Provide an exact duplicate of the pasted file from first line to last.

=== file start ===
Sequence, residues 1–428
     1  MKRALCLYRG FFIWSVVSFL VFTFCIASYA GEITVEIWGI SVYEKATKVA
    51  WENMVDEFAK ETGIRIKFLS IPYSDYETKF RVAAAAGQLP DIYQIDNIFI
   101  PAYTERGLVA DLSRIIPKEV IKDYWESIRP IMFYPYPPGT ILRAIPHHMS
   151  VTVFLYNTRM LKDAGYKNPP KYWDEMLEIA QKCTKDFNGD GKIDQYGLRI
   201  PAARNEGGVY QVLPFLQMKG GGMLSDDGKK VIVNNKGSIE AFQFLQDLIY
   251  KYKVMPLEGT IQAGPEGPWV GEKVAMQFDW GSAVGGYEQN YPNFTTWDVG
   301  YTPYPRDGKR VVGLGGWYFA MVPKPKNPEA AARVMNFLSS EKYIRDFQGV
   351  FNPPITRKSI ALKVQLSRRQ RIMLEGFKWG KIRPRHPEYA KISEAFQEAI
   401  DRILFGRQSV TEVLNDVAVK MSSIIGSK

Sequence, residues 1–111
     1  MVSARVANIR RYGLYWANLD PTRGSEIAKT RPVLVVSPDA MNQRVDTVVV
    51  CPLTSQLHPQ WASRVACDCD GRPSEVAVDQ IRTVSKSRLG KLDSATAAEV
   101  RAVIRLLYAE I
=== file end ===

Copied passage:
Sequence, residues 1–428
     1  MKRALCLYRG FFIWSVVSFL VFTFCIASYA GEITVEIWGI SVYEKATKVA
    51  WENMVDEFAK ETGIRIKFLS IPYSDYETKF RVAAAAGQLP DIYQIDNIFI
   101  PAYTERGLVA DLSRIIPKEV IKDYWESIRP IMFYPYPPGT ILRAIPHHMS
   151  VTVFLYNTRM LKDAGYKNPP KYWDEMLEIA QKCTKDFNGD GKIDQYGLRI
   201  PAARNEGGVY QVLPFLQMKG GGMLSDDGKK VIVNNKGSIE AFQFLQDLIY
   251  KYKVMPLEGT IQAGPEGPWV GEKVAMQFDW GSAVGGYEQN YPNFTTWDVG
   301  YTPYPRDGKR VVGLGGWYFA MVPKPKNPEA AARVMNFLSS EKYIRDFQGV
   351  FNPPITRKSI ALKVQLSRRQ RIMLEGFKWG KIRPRHPEYA KISEAFQEAI
   401  DRILFGRQSV TEVLNDVAVK MSSIIGSK

Sequence, residues 1–111
     1  MVSARVANIR RYGLYWANLD PTRGSEIAKT RPVLVVSPDA MNQRVDTVVV
    51  CPLTSQLHPQ WASRVACDCD GRPSEVAVDQ IRTVSKSRLG KLDSATAAEV
   101  RAVIRLLYAE I